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All 64 Colorado counties, including Chaffee County Public Health (CCPH) got thrown a curve ball by Colorado Governor Jared Polis last week, when he changed up the planned process for distributing the COVID-19 vaccine. The change is necessitating some major strategic changes for rural counties such as Chaffee.

“We anticipated additions, but not an overnight transition,” said Chaffee County Public Health Director Andrea Carlstrom. “Overnight we have to work on including the age 70-plus people as well as critical and essential workers in Phase I and completely redoing our plan of action.”

Translated, Polis’s announcement last week meant two things:

  • The shift of 70-plus age residents into Phase 1A of the COVID-19 vaccine rollout means that counties such as Chaffee, with disproportionately large populations of retired people (25 percent of Chaffee’s population is age 65-plus)  immediately had to make dramatic adjustments to their distribution strategy.
  • The shift means that rather than this population being vaccinated by this rural county’s small health care providers and pharmacies as had been planned (such as Buena Vista and Salida Pharmacies and grocery pharmacies), the vaccination of this entire population must now be done by the already over-taxed public health department instead of the health support structure.

Chaffee County Public Health has begun to use the Chaffee County Fairgrounds for COVID-19 vaccinations. Back in March, the Colorado Department of Health personnel conducted drive-through testing at the fairgrounds, assisted by National Guard members.

Chaffee County has a population of around 20,000. In the three weeks since vaccines have been available, Carlstrom says that Chaffee County has vaccinated around 750 people with the Moderna vaccine that has been designated for use by public health departments (HRRMC is using around 600 doses of the Pfizer vaccine for its staff, as planned), for a 6.75 percent vaccination rate.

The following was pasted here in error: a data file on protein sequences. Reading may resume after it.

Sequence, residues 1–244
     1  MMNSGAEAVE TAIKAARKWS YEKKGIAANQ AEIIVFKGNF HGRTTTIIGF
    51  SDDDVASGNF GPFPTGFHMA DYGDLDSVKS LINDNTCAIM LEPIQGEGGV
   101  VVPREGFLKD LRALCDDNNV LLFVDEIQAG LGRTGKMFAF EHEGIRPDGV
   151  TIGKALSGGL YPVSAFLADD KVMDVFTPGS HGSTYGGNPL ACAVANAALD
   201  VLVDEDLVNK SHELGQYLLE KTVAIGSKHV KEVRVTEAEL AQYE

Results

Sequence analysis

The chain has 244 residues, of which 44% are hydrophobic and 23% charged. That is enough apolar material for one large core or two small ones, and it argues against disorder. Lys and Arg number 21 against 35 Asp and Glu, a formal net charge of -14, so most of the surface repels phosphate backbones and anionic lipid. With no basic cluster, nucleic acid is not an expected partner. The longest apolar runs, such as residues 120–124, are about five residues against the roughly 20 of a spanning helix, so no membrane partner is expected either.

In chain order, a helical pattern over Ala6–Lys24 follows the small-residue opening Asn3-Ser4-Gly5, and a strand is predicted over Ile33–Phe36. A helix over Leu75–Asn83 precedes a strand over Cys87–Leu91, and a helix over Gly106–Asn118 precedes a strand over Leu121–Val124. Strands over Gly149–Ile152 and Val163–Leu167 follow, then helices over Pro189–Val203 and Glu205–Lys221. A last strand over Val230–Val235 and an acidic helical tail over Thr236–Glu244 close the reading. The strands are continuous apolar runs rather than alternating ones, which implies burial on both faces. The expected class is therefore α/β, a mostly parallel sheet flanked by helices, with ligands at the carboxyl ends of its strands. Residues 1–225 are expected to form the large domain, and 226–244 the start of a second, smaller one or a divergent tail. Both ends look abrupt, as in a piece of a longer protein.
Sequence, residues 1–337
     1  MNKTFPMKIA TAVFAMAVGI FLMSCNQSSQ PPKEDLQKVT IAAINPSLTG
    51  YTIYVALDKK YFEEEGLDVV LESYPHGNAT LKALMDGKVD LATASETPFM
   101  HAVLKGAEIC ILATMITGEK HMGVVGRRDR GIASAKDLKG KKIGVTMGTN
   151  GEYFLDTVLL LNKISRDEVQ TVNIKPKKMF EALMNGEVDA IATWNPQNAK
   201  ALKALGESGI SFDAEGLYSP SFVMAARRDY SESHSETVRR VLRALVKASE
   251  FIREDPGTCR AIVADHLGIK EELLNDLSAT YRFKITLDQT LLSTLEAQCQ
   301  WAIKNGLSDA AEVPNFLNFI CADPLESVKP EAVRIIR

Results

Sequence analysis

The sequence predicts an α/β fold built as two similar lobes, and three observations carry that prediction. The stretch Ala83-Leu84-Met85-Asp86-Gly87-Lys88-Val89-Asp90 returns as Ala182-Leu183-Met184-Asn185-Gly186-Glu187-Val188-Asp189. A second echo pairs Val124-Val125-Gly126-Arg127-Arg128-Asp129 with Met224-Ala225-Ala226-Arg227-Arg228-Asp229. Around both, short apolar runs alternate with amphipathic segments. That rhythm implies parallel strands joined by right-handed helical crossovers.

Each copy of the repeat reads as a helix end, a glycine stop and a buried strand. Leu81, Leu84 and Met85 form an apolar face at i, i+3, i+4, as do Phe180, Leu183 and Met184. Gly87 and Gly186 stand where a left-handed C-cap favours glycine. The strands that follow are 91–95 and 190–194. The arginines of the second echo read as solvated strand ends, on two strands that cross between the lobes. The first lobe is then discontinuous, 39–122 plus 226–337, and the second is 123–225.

“We anticipate that we at Public Health can vaccinate about 200 people in a three-hour period. We began this on Dec. 28 with the first Moderna clinic – that’s what we have access to.”

Carlstrom said the clinics at the county fair grounds had gone well so far. The first clinics included critical workers, and frontline health care groups not associated with the Heart of the Rockies Regional Medical Center (HRRMC), but critical to our community, including home health and hospice and Emergency Medical Services.

“It was working successfully until the Governor’s announcement that Phase I would include the 70+ group, essential workers, frontline journalists and state government. The aspect of the 70+ age group is a challenge,” explained Carlstrom. “Not only is 25 percent of our county ages 65+, he didn’t consult with communities like ours with older demographics, that are rural, and have limited resources.”

She added that CCPH had “lots of good providers signed up for Phase 2, but now the only providers  [for this large group] are public health and the hospitals – now [those providers] are out in the cold and the responsibility falls on public health.”